A huge surprise to American punters was the way European bookies treat winners. A wave of complaints and reports rolled around the States with punters complaining about the way they have been treated. "I've been surprised by how intolerant to sharp action some of these European companies are," said one professional bettor. Many have been limited or cut off completely. Industry representative advised users to stay calm and not make the situation even worse.
Despite the lack of understanding from the European companies, some offshore bookmakers took the opposite strategy, providing bettors with products they want and need. One of the top online bookmakers started offering guaranteed winnings of up to $10,000 during NBA, NHL, MLB game days. This strategy already proved itself to be successful.
It would definitely take time for the change to take place and sort out all the side issues.
Leagues vs bookies
Although the industry found success in its early days, there are still some unresolved issues. After the fall of PASPA major leagues showed big interests in doing business with top bookmakers. The NBA led rapid cooperation by joining forces with one leading national sportsbook company. The trend was followed by MLB and NHL, along with multiple teams' marketing agreements in the NFL. On top of that, the owners of New England Patriots and New Orleans Saints kicked off the 2018 season as the investors of one of the betting providers.
All of this indicates the beginning of the new sports betting industry where the long-standing enemies, bookmakers and leagues, are cooperating. Everything looks so smooth only on first sight. Many operators and leagues are not on the same page. There are two main topics which appear to be the most disagreed on: integrity fee and control of data.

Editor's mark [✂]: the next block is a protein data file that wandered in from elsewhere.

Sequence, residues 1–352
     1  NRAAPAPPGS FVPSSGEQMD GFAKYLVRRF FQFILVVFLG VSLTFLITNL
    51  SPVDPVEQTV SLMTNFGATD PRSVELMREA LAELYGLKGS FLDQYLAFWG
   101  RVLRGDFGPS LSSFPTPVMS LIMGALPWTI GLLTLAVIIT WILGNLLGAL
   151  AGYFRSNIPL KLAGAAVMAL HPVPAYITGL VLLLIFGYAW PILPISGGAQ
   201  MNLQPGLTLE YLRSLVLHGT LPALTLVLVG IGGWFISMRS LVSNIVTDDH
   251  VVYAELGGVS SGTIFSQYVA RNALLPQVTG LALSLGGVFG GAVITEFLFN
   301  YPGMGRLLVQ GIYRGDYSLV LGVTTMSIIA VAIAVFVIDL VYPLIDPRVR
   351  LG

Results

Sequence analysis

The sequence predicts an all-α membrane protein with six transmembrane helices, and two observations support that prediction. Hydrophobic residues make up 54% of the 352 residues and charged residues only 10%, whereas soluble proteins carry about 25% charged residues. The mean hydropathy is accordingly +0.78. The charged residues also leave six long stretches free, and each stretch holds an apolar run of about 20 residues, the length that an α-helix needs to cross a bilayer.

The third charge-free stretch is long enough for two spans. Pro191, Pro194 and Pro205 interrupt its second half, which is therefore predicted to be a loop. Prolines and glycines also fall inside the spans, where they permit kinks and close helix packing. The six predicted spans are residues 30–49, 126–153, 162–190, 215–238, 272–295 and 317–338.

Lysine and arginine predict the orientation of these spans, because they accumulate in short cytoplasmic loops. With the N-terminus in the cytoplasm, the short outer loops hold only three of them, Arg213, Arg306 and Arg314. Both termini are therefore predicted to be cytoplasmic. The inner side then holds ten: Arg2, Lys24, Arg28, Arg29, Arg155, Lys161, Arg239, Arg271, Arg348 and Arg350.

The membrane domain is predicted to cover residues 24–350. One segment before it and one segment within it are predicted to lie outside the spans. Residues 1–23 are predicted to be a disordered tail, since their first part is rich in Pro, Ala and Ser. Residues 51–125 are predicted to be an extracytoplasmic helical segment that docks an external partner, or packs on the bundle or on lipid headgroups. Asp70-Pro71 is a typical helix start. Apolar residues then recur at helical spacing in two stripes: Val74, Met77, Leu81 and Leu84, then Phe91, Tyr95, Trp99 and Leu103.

The integrity fee came into play almost right after the start of cooperation between two sides. For example, the NBA, along with the other leagues, is seeking a 25% cut from the total amount that would be wagered on its events. Such a cut was initially referred to as an integrity fee and designed to serve as a compensation for created value recognition, risk insurance and expense coverage. There has been no reached agreement on this fee so far between the two parties but many major sports teams, along with NCAA representatives, showed some interest in receiving additional funds from wagering revenues.
Bookies, on the other hand, are looking for a fee cut or its complete exclusion due to the lack of room for another share in their already low 4-6% margin.
The second big disagreement point is live data. Leagues insist on the use of the official sources, which up to them, will provide a more accurate and quicker experience for both sides with the addition of longer shelf-life of such products. Sportsbooks keep fighting back the leagues' will to monopolize the live sports data market, saying that have been doing just fine using the commercial alternative. There seems to be little of the agreement to be reached soon with leagues constantly lobbying to secure their rights in legislation.
Even though there are still many areas that require finding an agreement upon, there are already more that have already reached consensus.
It all requires time and rather sooner than later American sportsbooks will be able to compete with the offshore bookies.
Just to sum up, bookmakers, leagues and states are altogether looking for a brighter future of the newly established sports betting industry, the only thing different for them is the approach they take to achieve it.
As it all seems to be in the early process stage, let's just be patient for a couple of years and see the results then. While all these regulations and agreements get sorted out, the underground market will continue to be the primary betting option, as it offers such competitive features like betting in credit and almost complete anonymity.
People like Floyd will still be in the business while the major players are arguing about the cut share.